Tuesday, May 27, 2008

National Treasures in Japan Country

The Ministry of Education, Culture, Sports, Science and Technology of the government of Japan designates the most famous of the nation's cultural properties as National Treasures (国宝: kokuhō). Examples of the types of works that receive this designation are

* Buildings such as castles, temples, shrines
* Paintings, scrolls, sutras, and works of calligraphy
* Statues in stone, bronze, wood, lacquer or other materials
* Crafts, such as pottery, lacquer ware, carvings, metals, netsuke, swords and textiles
* Archeological and historical artifacts, including burial objects, documents, and letters
* People, called "Living National Treasures (人間国宝: ningen kokuhō)"

Many of Japan's national treasures are in museums such as the national museums in Tokyo, Kyoto, and Nara. The prefectural and city governments also operate public museums, and these and private museums also house national treasures. Many Buddhist temples and Shinto shrines, castles and similar installations also open their buildings and grounds to the public, and some have museums as well. The Imperial Household of Japan holds many national treasures. Kyoto boasts about one in five national treasures.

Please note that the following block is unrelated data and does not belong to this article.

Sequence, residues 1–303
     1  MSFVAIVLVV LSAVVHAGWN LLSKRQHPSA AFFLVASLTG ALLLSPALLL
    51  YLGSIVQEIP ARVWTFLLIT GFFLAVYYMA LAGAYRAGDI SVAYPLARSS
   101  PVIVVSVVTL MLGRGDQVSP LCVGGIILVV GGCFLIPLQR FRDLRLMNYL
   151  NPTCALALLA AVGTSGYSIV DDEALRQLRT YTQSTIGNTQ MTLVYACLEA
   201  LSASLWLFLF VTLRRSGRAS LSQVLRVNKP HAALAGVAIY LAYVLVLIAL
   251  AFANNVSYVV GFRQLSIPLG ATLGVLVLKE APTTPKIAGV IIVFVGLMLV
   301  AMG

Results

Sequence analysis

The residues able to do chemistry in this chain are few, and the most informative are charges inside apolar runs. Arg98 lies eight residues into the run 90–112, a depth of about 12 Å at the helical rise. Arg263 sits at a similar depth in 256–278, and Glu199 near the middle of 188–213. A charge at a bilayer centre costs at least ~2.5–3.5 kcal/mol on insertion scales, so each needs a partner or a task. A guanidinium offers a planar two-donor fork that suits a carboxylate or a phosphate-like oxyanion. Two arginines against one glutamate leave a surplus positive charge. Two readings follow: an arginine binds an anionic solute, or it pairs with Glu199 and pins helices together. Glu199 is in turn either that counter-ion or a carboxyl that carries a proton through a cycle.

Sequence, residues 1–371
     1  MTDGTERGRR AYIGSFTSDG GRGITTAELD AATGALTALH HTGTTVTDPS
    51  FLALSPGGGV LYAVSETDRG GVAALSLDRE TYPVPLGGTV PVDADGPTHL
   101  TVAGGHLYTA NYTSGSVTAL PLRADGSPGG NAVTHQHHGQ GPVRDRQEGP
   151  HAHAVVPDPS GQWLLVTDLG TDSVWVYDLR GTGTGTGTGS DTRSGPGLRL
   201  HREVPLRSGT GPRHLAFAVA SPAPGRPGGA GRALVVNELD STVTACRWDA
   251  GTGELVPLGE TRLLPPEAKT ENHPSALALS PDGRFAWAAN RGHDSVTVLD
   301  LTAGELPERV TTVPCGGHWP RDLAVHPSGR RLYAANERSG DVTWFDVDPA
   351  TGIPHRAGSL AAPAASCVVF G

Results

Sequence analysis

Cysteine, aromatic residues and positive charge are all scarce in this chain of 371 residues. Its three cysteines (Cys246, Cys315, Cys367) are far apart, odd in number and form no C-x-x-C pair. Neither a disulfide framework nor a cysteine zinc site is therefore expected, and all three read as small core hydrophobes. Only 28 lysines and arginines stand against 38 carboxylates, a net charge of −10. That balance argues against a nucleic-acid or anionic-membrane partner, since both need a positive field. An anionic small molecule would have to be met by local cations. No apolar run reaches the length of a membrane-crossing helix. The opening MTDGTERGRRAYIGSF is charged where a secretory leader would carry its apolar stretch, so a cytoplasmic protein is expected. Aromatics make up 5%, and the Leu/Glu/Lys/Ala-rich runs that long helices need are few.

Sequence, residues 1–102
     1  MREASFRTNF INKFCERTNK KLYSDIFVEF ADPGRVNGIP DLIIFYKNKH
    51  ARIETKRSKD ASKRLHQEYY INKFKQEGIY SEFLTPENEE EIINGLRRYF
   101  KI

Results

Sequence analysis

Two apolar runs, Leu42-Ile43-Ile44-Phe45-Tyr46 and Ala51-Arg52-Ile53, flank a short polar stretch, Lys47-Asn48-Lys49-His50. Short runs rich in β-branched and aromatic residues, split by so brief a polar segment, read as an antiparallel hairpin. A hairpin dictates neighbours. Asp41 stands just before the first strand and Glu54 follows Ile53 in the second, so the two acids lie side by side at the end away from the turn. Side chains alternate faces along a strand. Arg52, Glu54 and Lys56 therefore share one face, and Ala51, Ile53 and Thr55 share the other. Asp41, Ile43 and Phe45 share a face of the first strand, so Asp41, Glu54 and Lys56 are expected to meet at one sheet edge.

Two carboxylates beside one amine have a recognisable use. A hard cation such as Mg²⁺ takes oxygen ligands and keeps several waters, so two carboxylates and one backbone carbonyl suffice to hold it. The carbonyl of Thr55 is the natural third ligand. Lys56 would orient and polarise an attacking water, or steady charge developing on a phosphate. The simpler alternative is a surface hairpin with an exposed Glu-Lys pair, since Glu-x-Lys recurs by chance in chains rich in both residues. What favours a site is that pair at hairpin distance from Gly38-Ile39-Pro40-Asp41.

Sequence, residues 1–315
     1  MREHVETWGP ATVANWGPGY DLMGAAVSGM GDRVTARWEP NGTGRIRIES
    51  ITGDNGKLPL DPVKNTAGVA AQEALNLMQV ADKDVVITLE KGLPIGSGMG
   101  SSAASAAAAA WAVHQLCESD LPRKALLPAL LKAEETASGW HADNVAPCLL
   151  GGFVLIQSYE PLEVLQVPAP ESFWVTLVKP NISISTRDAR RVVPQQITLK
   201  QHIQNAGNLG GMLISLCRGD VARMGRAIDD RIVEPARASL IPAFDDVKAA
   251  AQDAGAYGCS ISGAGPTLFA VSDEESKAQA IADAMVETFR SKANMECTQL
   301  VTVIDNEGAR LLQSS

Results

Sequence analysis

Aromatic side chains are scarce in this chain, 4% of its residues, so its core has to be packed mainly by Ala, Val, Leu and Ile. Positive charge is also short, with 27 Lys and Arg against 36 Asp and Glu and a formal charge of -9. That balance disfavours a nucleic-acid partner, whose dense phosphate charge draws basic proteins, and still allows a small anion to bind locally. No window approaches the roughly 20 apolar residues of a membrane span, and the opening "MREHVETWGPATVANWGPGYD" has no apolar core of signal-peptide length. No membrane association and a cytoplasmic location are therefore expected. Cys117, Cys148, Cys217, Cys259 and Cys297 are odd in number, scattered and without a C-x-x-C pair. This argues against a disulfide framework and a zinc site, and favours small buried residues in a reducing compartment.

Living National Treasure is an informal designation for a person whom the government has recognized as exemplary in carrying on Japanese traditions. Performing artists in genres including noh, bunraku, and kabuki, and artists and artisans in traditional crafts, have received this distinction.

Source: Wikipedia.com

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